The $30 million renovation project connected the former ninth grade building and the high school. New construction took place over the former parking tiers with a new cafeteria (seating capacity of 600), gymnasium (capacity of 2,000), library/media center, and enclosed walkway. All classrooms were reconfigured with additional classrooms located in the former library and cafeteria. The familiar curving hallways remained, but new terrazzo floors, ceiling tiles, and freshly painted lockers brightened the halls.

Along with updated lab facilities, technology was a huge part of the project, adding over 500 computers throughout the building.

Penn Manor’s switch to a “4 x 4” block schedule coincided with the renovation project. Where a traditional schedule has students moving to eight classes a day, the block schedule has four 90-minute classes in the fall and four different classes in the spring. Considering the size of the building, eight minutes was needed to get from one end of the building to the other. The block schedule decreased the amount of time students spent in the hallways.

Study halls were eliminated, and graduation requirements were gradually increased from 21 to 28 credits. All students are required to take four credits each in English, math, science and social studies. An Honors program was developed, and Advanced Placement offerings were increased to 13 courses. In recent years, the state Dual Enrollment Grant has enabled approximately 100 Penn Manor juniors and seniors to enroll in college courses each year.

Enrollment at the high school in grades 9-12 has fluctuated from under 1,300 (1990-1993) to over 1,800 (2004-2009). In the 1970s, more than half of each graduating class entered the workforce directly out of high school. That number has gradually dropped to less than 25% of each class in the last 20 years.

The percentage of students continuing their education after high school has grown from an average of less than 45% (1970-1986) to 55-65% (1987-2002). Since 2003, 70-76% of our graduating seniors have continued their education after high school. Our graduation rate is one of the highest in the county, with 97-98% of the students graduating in recent years.

No Child Left Behind and PSSA state assessment testing have become a focus of all schools. Penn Manor has successfully raised academic standards and improved test scores, rising from the middle to near the top of county school rankings. Penn Manor’s success in academic competitions in recent years is demonstrated by the success of our Brainbusters, Quiz Bowl and Rocket Teams. In 2010, Penn Manor’s Rocket Team won its second national championship, qualifying them to represent the United States in a flyoff against England and France in London in July 2010. They brought home the first International Championship for the United States.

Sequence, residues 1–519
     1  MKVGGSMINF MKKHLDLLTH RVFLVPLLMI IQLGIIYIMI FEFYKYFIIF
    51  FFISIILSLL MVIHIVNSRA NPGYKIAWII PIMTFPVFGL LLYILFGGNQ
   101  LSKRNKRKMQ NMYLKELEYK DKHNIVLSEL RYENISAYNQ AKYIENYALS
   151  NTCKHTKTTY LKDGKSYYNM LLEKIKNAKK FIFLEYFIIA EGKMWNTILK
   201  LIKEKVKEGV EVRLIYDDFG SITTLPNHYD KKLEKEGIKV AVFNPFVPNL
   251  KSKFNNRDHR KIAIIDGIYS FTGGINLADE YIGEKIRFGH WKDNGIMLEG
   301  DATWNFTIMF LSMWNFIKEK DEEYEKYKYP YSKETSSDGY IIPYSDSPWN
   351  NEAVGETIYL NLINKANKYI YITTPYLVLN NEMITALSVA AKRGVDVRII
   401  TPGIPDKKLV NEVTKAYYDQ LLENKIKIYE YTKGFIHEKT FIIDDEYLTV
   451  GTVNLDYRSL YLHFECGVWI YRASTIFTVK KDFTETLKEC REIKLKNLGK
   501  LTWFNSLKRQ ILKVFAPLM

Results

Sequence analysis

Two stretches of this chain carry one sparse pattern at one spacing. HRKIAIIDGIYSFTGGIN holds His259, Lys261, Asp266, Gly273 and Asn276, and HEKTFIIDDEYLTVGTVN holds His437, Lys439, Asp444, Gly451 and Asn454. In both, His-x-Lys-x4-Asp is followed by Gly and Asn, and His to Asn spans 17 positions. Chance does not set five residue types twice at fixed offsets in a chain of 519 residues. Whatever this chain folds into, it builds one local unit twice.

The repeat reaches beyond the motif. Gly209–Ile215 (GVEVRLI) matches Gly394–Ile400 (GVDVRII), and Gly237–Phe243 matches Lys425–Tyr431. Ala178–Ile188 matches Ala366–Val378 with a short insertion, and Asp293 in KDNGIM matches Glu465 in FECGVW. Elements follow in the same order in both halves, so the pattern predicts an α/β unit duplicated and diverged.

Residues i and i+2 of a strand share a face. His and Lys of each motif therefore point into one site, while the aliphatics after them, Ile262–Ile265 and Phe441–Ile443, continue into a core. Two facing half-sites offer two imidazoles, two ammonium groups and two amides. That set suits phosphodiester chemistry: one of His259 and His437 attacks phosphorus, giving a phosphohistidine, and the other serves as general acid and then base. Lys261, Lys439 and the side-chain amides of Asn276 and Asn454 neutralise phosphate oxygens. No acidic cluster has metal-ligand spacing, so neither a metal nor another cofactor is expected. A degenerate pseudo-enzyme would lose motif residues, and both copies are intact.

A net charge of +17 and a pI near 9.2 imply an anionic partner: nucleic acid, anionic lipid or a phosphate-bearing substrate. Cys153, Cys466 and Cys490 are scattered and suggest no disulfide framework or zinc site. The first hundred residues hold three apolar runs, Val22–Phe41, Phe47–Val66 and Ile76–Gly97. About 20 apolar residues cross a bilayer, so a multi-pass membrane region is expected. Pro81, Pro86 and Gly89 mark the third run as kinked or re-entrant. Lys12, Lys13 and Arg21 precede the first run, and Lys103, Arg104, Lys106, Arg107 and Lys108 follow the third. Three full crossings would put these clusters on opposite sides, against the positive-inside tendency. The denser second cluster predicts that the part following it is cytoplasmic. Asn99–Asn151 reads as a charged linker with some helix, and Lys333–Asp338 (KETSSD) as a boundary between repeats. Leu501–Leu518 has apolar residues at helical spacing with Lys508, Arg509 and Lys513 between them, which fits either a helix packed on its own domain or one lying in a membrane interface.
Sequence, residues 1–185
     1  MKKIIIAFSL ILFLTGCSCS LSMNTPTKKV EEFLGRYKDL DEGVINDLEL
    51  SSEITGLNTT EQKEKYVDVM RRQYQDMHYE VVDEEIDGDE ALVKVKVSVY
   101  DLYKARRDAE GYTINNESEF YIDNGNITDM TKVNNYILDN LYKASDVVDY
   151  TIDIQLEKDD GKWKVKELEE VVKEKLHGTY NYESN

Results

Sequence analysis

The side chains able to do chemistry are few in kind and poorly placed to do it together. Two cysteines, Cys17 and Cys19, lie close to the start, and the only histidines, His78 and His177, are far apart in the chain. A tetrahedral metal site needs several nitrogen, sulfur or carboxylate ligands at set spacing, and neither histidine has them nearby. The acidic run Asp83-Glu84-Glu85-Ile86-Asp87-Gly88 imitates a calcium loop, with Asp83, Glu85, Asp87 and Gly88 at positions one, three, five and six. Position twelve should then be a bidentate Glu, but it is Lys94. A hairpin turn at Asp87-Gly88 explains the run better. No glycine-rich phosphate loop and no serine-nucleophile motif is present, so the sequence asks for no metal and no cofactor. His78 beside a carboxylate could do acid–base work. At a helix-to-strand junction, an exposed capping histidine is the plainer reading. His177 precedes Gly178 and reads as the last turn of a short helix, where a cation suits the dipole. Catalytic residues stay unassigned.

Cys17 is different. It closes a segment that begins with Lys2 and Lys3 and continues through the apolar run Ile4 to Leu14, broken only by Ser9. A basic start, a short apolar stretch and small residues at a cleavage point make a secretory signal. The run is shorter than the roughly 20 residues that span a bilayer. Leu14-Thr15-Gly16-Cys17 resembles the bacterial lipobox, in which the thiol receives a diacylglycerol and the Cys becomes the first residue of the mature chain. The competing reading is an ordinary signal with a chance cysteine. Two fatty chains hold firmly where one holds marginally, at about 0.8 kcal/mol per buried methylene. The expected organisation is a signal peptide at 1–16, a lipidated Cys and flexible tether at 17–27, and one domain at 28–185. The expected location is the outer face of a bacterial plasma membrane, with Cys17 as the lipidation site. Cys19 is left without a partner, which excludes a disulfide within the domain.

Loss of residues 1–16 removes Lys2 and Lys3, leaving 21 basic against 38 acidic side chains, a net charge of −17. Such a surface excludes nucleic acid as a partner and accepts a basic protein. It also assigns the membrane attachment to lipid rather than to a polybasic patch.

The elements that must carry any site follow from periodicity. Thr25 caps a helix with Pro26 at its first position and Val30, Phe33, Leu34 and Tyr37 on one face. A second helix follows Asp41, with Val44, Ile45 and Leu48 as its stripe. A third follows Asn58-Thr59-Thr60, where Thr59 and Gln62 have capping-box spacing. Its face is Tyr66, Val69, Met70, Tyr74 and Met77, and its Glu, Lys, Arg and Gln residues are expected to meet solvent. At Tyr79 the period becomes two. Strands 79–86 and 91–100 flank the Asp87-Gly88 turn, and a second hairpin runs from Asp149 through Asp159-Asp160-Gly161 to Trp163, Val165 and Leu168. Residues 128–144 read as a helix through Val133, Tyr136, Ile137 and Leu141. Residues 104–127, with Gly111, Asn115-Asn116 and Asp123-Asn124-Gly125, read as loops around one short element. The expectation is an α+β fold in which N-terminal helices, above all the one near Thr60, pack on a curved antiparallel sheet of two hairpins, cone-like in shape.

Opportunities continue in many areas for Penn Manor students, with our outstanding agriculture program, technology education, music, theater and the arts. The school newspaper, Penn Points, went online for the first time in 2009-2010 and was recognized as one of seven national winners of the Pacemaker award. Approximately 20% of each senior class attends full day Career and Technology programs to prepare for highly skilled careers after high school. Our sports teams continue to excel, winning state titles in girls’ soccer (2002, 2005), baseball (2005) and field hockey (2008).

Photo of the original design model for Penn Manor High School.
The original design model for Penn Manor High School

The following individuals served as Principal of Manor Millersville or Penn Manor High School:

1944 – 1968  A. Landis Brackbill

1968 – 1980  Glenn Davis

1980 – 1984  Robert King

1984 – 1990  Randall Kahler

1991 – 1997  Dr. Valerie Breneisen

1997 – 2009  Dr. Janice Mindish

2009 – 2019  Dr. Philip Gale

2019 – present Baron Jones

Penn Manor School District has experienced growth in enrollment, resulting in expanded facilities.  Program changes have been implemented to meet the continuing educational needs of the students.  What has not changed is the strong community support enjoyed by the dedicated board, administration, faculty, and staff of the Penn Manor School District.


A. Norman Ranck, A History of Penn Manor Schools, 1976

Tone (Journal of Interior Design, Published by Armstrong Cork Company, Lancaster) 1959

Dr. Janice Mindish

Dr. Michael Leichliter

For more information, visit Penn Manor School District History.